Consulate (or consular section at embassy). UK residents requiring Schengen visas should apply via the Norway Visa Application Centre (http://vfsglobal.com/norway/unitedkingdom), which charges an additional service fee of £18.66. All visa applicants aged 12 and over must submit biometric data at their visa appointment.
Norway is a member of the Schengen area.
Allow at least two weeks for visa processing.
Schengen visa applicants must show proof of funds to cover their stay in Norway.
Extension of stay
It is only usually possible to extend a Schengen visa in exceptional circumstances such as force majeure or for humanitarian reasons.
Non-EU/EEA nationals must apply for a residence permit if staying longer than 90 days. EU/EEA nationals do not require a residence permit, but must register with the police. The Norwegian Directorate of Immigration has further details on its website (www.udi.no).
Entry with pets
If you’re bringing a pet from an EU/EEA country, your animal requires a pet passport, microchip and valid rabies vaccination certificate. Dogs also require treatment for tapeworm.
Embassies and tourist offices
British Embassy in Norway
Telephone: +47 2313 2700.
Address: , Thomas Heftyes Gate 8, Oslo, 0244,
Opening times:Mon, Tue, Thur and Fri 0900-1500.
Royal Norwegian Embassy in the UK
Telephone: +44 020 7591 5500.
Address: , 25 Belgrave Square, London, SW1X 8QD,
Opening times:Mon-Fri 1000-1500 (general enquiries). Mon, Tue and Fri 1000-1230. Thurs 1220-1500 (enquiries to consular section).
Royal Norwegian Embassy in the USA
Telephone: +1 202 333 6000.
Address: , 2720 34th Street NW, Washington, DC 20008,
Opening times: Mon-Fri 0900-1600 (Passports applications Mon-Fri 0900-1100. Appointment needed).
Norway Health Care and Vaccinations
The World Health Organisation [WHO] recommends that all travellers should be inoculated for measles, mumps, diphtheria, rubella, tetanus and polio regardless of the destination.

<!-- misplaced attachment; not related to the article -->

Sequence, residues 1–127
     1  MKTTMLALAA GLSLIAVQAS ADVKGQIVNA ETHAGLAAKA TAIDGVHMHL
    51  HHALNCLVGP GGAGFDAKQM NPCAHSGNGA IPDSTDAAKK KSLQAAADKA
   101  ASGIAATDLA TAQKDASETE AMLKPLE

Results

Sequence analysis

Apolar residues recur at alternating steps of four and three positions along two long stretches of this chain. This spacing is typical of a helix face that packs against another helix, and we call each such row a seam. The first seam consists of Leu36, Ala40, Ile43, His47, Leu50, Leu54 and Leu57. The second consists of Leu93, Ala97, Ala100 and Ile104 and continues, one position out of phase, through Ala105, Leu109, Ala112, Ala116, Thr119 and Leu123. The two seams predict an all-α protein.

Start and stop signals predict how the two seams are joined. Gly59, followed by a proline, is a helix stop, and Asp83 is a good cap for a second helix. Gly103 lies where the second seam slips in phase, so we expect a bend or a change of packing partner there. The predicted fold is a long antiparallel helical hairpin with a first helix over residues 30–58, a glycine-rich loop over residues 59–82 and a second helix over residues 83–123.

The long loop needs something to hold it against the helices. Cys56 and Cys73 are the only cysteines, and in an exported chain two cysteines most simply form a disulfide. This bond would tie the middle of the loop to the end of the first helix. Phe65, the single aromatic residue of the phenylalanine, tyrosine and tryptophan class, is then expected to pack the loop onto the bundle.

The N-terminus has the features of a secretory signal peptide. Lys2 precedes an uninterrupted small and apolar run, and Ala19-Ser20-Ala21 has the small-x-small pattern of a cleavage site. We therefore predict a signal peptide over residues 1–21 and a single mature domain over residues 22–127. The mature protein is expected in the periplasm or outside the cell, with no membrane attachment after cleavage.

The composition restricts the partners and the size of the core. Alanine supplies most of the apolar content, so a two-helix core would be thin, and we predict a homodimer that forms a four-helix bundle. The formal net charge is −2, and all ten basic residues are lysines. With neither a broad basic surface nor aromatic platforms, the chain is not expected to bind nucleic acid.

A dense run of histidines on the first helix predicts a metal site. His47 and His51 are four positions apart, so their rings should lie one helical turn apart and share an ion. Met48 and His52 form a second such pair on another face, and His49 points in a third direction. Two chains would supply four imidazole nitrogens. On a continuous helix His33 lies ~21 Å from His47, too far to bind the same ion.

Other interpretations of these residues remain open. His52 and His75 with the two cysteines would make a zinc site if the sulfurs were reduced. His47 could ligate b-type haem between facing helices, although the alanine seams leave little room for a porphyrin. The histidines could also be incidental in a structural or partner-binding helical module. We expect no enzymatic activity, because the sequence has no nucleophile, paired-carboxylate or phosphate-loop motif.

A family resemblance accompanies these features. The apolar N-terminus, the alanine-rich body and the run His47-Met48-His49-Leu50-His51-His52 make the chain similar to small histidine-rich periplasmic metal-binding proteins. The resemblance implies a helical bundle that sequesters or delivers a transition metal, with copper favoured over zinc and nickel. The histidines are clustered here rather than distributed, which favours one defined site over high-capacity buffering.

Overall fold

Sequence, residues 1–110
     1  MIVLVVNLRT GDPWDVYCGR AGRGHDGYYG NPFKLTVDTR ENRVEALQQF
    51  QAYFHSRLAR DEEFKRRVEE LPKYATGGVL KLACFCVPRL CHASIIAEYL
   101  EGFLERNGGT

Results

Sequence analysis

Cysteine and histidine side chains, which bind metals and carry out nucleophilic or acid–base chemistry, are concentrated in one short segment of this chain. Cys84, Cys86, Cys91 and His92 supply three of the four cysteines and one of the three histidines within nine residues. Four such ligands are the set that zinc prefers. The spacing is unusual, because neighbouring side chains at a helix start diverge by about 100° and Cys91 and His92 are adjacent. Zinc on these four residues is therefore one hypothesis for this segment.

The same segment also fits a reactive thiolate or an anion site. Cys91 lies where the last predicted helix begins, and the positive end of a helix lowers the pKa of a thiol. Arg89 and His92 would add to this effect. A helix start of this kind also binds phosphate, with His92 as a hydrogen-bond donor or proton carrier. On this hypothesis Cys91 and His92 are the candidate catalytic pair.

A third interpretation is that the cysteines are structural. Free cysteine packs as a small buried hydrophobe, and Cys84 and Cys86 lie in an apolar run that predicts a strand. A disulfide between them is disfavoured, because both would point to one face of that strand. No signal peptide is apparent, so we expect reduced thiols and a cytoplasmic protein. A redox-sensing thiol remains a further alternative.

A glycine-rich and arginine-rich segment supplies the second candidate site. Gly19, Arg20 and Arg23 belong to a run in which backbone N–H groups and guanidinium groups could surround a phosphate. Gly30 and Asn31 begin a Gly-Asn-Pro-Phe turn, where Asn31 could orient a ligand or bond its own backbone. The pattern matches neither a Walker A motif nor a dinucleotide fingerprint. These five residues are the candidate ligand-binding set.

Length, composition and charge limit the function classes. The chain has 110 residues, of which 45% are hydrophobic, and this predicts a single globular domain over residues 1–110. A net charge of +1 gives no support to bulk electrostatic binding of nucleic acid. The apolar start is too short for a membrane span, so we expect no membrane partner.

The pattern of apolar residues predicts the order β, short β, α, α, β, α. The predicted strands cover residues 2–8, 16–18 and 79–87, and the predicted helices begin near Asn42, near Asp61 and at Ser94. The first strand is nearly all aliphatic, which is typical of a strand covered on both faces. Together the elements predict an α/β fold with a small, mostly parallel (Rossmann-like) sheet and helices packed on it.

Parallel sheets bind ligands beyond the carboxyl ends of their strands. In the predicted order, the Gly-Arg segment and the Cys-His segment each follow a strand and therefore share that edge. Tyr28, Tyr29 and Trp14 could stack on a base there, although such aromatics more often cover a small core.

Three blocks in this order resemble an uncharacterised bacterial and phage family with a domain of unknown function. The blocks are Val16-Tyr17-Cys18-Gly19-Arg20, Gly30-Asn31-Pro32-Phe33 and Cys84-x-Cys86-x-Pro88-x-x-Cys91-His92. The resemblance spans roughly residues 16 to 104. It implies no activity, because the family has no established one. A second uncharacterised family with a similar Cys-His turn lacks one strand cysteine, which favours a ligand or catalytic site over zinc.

Health risks in Norway are few, with most visitors likely to suffer nothing more serious than a few blisters from hiking or insect bites in the summer. Standards of health care are high but as with everything else in Norway, healthcare is expensive, so insurance is a must. Travellers should find out if they are covered by reciprocal health care arrangements. Australia, for example, has such an agreement as long as long as citizens carry their Medicare card. Pharmacies are called apotek and can be found on every high street. In an emergency, you can get treatment from the nearest public hospital free of charge. Dial 113 toll-free for an ambulance. Most operators also speak English.
Food and Drink
Food in Norway is safe to eat although care should be taken when purchasing food from unlicensed/roadside stalls. Norwegian tap water is safe to drink, although drinking from fjords, streams and rivers – however clean they look – isn’t recommended as even the most inviting-looking water can harbour parasites. Water that has been boiled or treated with iodine or chlorine tablets is usually safe to drink.